Once upon a time, author newsletters were a rare beast.
That was mostly because of the work involved—it wasn’t just a case of writing the newsletter, but getting it printed, printing off address labels, stuffing envelopes, and posting the newsletters.
I was once responsible for writing, publishing, and mailing a 16+ page newsletter to 500+ paying subscribers for my employer. It took about a week each month—longer on the months when I didn’t manage to bribe the receptionist into helping with the last part. A regular newsletter was a big commitment of time and money.
But now it’s all done by email.
The mailing list is managed by a service such as MailChimp, and all the author has to do is write the newsletter, load it up, and press ‘send’ (or pay a virtual assistant to help with the actual sending). This has meant a proliferation of newsletters. I’ve signed up for dozens (many through giveaways).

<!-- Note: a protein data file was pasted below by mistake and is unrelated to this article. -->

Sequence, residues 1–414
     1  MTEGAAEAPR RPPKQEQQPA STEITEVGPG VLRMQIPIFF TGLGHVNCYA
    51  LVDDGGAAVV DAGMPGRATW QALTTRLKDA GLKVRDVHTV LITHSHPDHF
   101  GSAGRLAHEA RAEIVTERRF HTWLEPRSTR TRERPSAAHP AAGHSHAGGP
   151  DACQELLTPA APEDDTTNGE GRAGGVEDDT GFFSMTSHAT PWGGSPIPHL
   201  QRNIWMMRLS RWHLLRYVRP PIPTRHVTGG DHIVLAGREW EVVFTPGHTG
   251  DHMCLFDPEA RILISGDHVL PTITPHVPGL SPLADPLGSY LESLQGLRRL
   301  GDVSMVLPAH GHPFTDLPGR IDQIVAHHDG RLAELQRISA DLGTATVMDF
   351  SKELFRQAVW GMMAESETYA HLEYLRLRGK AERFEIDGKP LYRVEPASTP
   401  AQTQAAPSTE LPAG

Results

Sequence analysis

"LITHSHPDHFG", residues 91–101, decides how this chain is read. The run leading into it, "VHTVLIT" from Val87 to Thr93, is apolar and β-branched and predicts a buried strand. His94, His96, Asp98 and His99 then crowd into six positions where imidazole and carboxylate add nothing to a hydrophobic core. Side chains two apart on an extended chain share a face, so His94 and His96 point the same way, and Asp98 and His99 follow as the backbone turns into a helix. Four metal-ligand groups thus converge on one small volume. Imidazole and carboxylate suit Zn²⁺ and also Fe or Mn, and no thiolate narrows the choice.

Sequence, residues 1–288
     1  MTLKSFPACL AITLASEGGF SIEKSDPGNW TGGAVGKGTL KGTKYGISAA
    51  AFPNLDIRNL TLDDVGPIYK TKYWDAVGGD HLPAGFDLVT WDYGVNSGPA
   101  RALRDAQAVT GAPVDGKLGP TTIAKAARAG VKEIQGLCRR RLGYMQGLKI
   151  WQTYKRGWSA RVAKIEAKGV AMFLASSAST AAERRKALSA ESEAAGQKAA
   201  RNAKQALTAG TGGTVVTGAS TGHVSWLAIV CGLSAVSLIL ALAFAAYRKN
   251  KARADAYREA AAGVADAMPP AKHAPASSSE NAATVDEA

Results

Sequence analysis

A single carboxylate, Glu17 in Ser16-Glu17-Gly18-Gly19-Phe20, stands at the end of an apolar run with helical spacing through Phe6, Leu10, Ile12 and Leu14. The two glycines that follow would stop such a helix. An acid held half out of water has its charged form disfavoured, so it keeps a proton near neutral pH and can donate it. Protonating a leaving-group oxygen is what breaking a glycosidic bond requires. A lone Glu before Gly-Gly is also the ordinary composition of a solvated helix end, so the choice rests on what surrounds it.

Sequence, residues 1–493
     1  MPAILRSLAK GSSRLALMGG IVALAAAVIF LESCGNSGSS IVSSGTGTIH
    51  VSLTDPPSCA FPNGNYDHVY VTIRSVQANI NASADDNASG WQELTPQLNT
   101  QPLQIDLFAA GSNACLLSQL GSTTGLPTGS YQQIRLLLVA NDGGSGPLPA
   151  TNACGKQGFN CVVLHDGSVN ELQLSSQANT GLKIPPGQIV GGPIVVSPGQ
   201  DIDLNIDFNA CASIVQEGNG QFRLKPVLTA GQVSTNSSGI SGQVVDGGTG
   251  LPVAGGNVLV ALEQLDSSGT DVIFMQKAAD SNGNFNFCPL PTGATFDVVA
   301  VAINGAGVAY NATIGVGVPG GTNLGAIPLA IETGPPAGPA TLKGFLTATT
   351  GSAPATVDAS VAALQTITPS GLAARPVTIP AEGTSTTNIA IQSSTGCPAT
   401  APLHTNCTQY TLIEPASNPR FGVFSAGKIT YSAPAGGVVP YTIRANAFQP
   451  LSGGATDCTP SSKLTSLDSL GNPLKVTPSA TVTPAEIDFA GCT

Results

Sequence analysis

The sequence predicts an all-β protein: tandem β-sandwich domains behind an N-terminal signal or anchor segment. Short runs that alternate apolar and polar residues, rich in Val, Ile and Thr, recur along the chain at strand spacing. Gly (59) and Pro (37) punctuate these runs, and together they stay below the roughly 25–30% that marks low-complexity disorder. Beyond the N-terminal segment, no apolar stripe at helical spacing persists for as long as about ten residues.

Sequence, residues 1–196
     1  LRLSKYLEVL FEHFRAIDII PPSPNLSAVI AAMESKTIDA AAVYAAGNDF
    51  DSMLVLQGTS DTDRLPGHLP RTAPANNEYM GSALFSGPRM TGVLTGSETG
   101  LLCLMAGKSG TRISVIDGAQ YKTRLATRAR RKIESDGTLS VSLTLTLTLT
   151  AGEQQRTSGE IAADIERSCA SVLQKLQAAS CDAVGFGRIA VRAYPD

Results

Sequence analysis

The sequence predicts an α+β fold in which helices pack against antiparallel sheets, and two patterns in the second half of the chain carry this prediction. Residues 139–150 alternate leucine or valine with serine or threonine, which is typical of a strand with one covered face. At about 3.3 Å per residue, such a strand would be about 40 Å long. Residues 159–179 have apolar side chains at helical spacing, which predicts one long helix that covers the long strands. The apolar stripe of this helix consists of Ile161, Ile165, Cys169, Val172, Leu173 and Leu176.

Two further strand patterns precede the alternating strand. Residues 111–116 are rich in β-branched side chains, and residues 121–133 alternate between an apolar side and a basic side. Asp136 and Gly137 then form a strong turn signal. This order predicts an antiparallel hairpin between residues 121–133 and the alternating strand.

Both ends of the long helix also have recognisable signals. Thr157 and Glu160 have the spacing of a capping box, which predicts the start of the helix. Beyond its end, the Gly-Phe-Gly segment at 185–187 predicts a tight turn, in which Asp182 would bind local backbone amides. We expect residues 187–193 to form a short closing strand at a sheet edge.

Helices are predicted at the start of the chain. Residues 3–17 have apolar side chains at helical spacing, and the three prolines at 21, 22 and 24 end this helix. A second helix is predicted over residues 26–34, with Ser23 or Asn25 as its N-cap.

The recent introduction of GDPR meant I got to unsubscribe from several using the passive-aggressive method of not hitting either the subscribe or unsubscribe buttons when they sent the (perhaps unnecessary) reconfirmation emails. There is one I don’t read because I’d unsubscribe if I could, but legal details aren’t that author’s strong point because there is no unsubscribe option.
Do I read them?
I read the newsletters of my favourite authors. I read the newsletters of the funny authors. And I read the newsletters of the authors where I know it’s going to be news, not a sales pitch for a book I’ve either already bought, or already decided I don’t want to buy. (I know the email gurus say to ask for the sale more than once, but I’m the buyer who proves all the theories wrong).